Of course, high-profile security breaches such as Sony and Target have heightened the interest of enterprises in the security of their email services. Encryption for email in transit is growing in importance and reflects the critical importance email plays in business, but this is not the be-all and end-all of securing email from snooping eyes, legitimate or otherwise.
Businesses need to be thinking about making their email safe beyond the actual inbox and transit encryption. This is where third-party cloud service providers for email security, archiving and continuity, like Mimecast, come in.
Businesses also have to consider carefully how best to deploy their business critical services in the cloud era – the answer certainly isn’t relying on one vendor for everything. Amazon, Google or Microsoft for that matter. On the other hand, you don’t want a myriad of vendors or you’ll be left paying for, and managing, all this additional technology in the cloud, very much like you are doing on-premise now.
The news about WorkMail doesn’t change this fundamental challenge.
Unseating Microsoft from its position as enterprise email server of choice, with more than 300 million Exchange inboxes out there, will take some revolutionary ideas. Competition is a good thing, of course. Even though we’ve been supporting email services from Google and Microsoft for years, we will look closely at how WorkMail does in the market.
That said, my first assessment of WorkMail from news reports suggests that its basic offering of encryption and calendars, however priced or packaged, won’t be the revolutionary spark Amazon needs to unseat the entrenched competition potentially even within AWS’ own customer base.
But didn’t they say that about David’s chances against Goliath? No, scratch that. This time the big dog does win.
There’s been a spate of phishing attacks this month seeking to uncover the user credentials for users of various hosted email services. Gmail, Outlook, Yahoo and AOL have all been targeted.
While some reports of the Outlook.com phish seem to have incorrectly claimed it was sent to all 400 million users of the service. Intruth the phishing email was sent to a handful of email addresses in the hope that some would be users of the popular Microsoft service, and be duped into providing their user credentials.
We don’t yet know the ultimate goal of the attackers, but we do know they have identified both consumer and business email accounts that use these services. And, that they’re hoping to gain access to that service by duping someone into giving up their user credentials with a convincing looking, but malicious, login page.
Look carefully at the Outlook.com example, and you’ll start to uncover the art of a well-crafted and targeted spear-phishing attack. What we’re seeing, thanks to Chris Boyd and Malwarebytes, could be the start of a well thought out campaign that’s hunting for something quite specific, in effect, the beginnings of a long speculative con. So far, we’ve seen a number of Outlook.com email addresses being targeted, in a seemingly random way, as well as some collateral fallout to other email domains.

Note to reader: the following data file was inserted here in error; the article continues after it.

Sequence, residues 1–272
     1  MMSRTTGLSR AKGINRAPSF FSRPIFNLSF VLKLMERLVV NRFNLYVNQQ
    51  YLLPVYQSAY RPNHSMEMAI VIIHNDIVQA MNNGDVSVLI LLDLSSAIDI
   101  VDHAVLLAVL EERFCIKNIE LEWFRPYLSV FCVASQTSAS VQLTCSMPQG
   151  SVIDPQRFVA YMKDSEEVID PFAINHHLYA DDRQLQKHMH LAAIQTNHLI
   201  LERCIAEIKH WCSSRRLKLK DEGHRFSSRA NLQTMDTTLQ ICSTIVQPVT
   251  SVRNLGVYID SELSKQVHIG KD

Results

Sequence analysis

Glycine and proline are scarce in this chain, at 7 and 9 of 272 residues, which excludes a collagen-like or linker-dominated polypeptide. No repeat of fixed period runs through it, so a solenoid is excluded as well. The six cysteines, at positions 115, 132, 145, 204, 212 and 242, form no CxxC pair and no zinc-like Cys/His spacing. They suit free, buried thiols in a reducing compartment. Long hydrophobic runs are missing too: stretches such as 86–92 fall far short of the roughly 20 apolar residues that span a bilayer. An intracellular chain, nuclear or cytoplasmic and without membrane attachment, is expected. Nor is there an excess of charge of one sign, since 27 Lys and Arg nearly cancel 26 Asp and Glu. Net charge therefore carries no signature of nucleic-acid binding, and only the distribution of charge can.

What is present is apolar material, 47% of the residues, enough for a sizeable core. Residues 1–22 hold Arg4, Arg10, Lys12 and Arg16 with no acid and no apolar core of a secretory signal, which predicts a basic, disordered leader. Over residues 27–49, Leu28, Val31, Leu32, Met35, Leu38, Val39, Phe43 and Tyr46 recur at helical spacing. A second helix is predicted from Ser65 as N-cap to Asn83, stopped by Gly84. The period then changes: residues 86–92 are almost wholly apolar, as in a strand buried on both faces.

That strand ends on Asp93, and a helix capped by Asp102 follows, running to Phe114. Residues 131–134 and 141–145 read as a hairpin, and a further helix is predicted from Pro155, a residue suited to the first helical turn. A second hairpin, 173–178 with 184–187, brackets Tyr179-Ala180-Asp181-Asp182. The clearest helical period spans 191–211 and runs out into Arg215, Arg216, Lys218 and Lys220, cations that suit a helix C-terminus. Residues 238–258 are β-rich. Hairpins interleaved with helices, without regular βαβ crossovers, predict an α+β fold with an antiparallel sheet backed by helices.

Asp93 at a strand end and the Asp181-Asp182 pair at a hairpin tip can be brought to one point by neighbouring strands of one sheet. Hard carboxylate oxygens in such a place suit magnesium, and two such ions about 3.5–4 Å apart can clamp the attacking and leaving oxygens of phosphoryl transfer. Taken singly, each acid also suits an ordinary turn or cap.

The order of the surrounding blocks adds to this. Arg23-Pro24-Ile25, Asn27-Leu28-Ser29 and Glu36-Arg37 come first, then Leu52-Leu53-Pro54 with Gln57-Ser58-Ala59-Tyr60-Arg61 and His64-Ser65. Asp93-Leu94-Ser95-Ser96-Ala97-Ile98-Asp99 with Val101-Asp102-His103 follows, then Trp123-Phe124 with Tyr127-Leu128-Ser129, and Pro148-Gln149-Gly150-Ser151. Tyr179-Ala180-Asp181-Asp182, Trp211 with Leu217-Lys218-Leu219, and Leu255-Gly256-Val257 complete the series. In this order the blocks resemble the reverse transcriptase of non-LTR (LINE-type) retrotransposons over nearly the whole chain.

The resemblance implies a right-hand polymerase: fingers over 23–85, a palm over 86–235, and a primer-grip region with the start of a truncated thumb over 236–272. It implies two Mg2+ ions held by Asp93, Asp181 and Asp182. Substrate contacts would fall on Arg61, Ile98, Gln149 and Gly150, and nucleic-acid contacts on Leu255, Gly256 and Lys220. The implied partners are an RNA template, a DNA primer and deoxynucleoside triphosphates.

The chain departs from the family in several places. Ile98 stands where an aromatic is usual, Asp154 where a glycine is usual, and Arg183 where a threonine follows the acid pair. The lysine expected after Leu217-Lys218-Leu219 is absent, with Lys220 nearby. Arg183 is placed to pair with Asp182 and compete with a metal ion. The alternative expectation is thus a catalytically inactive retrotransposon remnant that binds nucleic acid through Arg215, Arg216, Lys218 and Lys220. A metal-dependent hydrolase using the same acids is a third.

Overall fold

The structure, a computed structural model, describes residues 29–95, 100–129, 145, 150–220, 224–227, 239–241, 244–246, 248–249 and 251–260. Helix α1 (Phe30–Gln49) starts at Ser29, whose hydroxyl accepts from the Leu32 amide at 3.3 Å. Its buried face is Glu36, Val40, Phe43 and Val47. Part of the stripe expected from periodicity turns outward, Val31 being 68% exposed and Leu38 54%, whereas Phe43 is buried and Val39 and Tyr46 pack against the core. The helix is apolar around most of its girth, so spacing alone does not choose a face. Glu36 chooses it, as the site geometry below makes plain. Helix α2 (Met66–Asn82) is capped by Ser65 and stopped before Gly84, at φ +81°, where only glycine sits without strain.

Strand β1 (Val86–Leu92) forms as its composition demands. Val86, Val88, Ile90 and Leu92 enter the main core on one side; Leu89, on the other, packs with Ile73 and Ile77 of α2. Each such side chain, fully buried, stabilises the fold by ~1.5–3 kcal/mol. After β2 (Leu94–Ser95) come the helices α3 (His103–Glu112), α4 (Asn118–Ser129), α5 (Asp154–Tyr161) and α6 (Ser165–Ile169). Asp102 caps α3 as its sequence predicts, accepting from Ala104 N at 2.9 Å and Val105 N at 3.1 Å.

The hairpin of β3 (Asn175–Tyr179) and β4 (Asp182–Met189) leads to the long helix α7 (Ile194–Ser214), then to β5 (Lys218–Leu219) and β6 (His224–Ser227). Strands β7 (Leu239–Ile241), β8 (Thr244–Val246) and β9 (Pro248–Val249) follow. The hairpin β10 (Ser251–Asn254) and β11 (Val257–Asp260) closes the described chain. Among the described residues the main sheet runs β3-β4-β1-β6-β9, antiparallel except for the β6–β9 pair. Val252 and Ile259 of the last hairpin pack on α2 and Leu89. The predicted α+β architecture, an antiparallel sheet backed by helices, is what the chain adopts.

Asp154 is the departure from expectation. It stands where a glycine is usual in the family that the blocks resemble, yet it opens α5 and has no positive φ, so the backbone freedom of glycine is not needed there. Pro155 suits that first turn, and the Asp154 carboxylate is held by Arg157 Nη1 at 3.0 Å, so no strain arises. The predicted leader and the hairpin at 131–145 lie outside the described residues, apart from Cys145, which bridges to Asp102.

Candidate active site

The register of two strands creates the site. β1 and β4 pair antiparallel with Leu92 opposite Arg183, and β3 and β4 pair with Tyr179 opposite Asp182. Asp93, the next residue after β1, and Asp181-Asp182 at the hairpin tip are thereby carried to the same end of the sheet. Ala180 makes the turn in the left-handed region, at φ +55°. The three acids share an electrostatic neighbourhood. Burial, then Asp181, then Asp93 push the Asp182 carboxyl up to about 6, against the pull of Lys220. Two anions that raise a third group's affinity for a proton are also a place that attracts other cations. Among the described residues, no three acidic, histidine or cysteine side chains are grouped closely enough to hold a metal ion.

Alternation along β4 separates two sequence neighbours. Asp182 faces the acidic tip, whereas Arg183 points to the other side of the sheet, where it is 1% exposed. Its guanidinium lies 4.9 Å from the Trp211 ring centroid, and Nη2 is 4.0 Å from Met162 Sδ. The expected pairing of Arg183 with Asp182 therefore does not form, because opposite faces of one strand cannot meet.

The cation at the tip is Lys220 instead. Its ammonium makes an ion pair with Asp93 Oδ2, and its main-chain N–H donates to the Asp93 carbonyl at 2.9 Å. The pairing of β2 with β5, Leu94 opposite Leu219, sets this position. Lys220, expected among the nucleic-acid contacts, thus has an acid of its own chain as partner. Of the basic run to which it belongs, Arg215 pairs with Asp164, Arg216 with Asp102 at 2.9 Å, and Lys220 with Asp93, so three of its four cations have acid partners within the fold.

The worst case scenario is the attackers know who they are looking for; the best case is that this is random. What’s likely to happen next is that the newly compromised account will be used to target someone, or something else, in order to add an air of legitimacy. The attackers are likely to use a further spear-phishing technique that tricks their target into clicking a link that downloads a malware dropper to their computer.
Once we’re at that stage, we can assume it’ll be game over for the target: their computer will have been compromised, the RAT will likely have given the attackers access, and they’ll be making off with data or moving onto their next target.
All of this could take hours, days, weeks or even months, but be sure the attackers have the patience to wait it out.
For enterprise users, this type of breach could be catastrophic (see Sony Pictures). What starts with a simple phish can end in a whole lot more trouble. Enterprise users are generally well protected by their IT teams, but URIs (URLs in emails) are still not as protected as they should be. Consider how often you click a link in an email without thinking about it, assuming that the IT team have deployed enough protection to keep you safe. In reality, the Outlook.com phish, as well as most other types of spear-phishing, are likely to have made it past your enterprise email security gateway. This is exactly what attackers are relying on – they know a malicious file will never get to you, so they try to trick you into clicking their link.
Therefore, protecting the link is the only real way to defeat this threat, and for the enterprise that means adding another layer to the security stack. A layer that can re-write the link and scan it for malicious end points as it’s delivered to the end user. For business users of Office 365 this means a similar layer of security over and above the already useful Exchange Online Protection.